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How to Buy

A New York City Apartment

STEP 9: Getting Approved by the Building

Reasons you might be rejected by a co-op before you ever reach the interview

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The vast majority of rejections occur before the co-op board interview, based solely on your application.  As one Manhattan property manager shared with the NY Times, out of 350 transactions in buildings managed by his company, 20 buyers were turned down before the interview, and only 1 afterward.

Co-op boards do not have to explain why they rejected you. So although, legally, they must abide by Fair Housing Laws and not discriminate on the basis of race, religion, family status, etc., the fact is that anything can and probably does happen behind closed doors and sealed lips.

Here’s a brief tour of the possible, not always obvious reasons (most legal, some not) for rejection based on your application:

  • The size, breed, temperament, etc., of your dog.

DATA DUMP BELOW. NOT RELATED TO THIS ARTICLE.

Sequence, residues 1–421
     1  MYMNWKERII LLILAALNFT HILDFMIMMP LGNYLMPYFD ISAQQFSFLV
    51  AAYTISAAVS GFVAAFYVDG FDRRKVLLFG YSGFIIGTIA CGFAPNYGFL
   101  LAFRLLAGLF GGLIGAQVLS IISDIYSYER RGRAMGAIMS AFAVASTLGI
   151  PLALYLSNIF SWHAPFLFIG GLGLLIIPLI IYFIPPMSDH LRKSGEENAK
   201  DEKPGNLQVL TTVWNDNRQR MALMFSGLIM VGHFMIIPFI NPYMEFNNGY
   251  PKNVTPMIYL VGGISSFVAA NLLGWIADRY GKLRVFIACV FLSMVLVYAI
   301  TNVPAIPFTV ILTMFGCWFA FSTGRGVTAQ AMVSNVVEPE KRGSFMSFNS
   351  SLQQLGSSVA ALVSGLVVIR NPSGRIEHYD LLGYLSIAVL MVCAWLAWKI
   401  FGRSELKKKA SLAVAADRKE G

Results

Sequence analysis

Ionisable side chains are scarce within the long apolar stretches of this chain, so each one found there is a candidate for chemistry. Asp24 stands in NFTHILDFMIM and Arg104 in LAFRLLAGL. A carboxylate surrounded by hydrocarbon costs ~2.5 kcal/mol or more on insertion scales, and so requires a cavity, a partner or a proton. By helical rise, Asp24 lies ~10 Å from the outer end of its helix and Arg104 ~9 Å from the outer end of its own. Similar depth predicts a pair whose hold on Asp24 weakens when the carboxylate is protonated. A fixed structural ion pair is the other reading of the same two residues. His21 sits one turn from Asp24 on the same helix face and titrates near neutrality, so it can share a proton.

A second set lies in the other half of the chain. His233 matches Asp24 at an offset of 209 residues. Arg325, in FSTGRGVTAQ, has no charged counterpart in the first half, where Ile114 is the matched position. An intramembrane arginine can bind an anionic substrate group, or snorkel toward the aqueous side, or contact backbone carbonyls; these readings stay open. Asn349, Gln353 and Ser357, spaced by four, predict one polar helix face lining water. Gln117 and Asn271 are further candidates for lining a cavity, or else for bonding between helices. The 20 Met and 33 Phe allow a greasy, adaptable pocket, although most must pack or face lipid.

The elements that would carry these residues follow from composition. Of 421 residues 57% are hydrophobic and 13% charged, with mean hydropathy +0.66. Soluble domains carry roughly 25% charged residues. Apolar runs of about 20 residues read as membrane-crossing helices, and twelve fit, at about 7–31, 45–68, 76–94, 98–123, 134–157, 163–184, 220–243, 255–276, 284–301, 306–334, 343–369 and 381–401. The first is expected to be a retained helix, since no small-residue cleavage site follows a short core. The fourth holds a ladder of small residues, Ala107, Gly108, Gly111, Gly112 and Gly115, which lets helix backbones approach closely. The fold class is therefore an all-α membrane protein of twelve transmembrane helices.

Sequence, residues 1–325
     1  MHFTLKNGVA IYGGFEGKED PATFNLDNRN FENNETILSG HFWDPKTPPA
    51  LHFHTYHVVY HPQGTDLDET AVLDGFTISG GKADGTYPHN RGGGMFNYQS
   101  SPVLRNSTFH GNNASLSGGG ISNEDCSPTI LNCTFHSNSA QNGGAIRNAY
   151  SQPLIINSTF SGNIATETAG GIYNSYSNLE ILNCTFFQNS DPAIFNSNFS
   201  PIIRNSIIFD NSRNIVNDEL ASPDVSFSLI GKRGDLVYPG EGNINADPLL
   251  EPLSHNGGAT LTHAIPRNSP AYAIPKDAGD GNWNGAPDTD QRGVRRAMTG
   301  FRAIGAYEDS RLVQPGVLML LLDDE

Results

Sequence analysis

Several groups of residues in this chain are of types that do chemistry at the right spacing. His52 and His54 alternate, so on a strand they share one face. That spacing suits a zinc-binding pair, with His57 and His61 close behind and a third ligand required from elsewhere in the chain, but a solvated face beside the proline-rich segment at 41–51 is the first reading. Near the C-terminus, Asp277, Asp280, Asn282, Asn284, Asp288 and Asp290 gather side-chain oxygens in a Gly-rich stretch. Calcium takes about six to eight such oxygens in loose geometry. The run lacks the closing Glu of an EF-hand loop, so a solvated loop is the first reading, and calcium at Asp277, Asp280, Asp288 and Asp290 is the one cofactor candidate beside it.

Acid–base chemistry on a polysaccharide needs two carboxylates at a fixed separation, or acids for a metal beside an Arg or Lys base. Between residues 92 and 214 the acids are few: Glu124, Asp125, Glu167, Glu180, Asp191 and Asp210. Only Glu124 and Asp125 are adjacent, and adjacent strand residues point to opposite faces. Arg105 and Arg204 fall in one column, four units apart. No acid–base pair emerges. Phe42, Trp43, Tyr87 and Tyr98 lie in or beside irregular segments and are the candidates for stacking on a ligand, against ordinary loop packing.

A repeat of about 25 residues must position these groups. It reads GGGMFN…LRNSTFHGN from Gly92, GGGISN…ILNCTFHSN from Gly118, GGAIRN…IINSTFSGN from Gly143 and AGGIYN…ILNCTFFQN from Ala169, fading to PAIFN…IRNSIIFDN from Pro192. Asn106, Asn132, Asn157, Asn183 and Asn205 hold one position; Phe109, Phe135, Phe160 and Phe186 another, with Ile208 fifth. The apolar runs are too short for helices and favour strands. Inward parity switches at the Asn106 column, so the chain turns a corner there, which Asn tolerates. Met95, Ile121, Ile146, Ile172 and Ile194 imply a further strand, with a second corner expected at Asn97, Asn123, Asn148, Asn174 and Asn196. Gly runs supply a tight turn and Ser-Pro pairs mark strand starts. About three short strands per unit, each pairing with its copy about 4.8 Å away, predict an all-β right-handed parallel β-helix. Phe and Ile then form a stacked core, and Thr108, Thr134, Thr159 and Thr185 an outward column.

• The board suspects you plan to use the apartment as a pied a terre rather than your primary residence.
  • You are buying the place for your grown kids.
  • You need a guarantor to afford the apartment.
  • You won’t have enough cash left over after buying the apartment to meet “liquid reserve” requirements, which can range from $25,000 all the way up to 1x to 3x the purchase price of the apartment.
  • You don’t have a strong enough presence in the United States (where will they sue and collect money if you default on the maintenance).
  • You are a musician (noisy), record producer (like to party), or attorney (litigious).
  • You are an at-home music teacher (noise + lots of visitors) or operate some other objectionable home-based business.
  • You have a history of being litigious and/or suing a former neighbor, board or landlord.
  • You posted stupid pictures of yourself on Facebook that suggest your lifestyle is not an ideal fit.
  • You are paying too little for the apartment (it will drag down property values for the whole building).
  • There are discrepancies in your financial package that have not been adequately explained.
  • Your income relies too much on discretionary bonuses or on commissions.
  • You haven’t been at your current job long enough.